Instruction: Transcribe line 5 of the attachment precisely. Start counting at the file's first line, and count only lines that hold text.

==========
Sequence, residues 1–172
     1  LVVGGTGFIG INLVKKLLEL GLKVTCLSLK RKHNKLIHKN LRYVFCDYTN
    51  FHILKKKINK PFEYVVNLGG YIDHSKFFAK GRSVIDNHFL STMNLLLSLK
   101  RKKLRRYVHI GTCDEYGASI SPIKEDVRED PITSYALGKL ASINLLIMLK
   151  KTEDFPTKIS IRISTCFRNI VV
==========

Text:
   151  KTEDFPTKIS IRISTCFRNI VV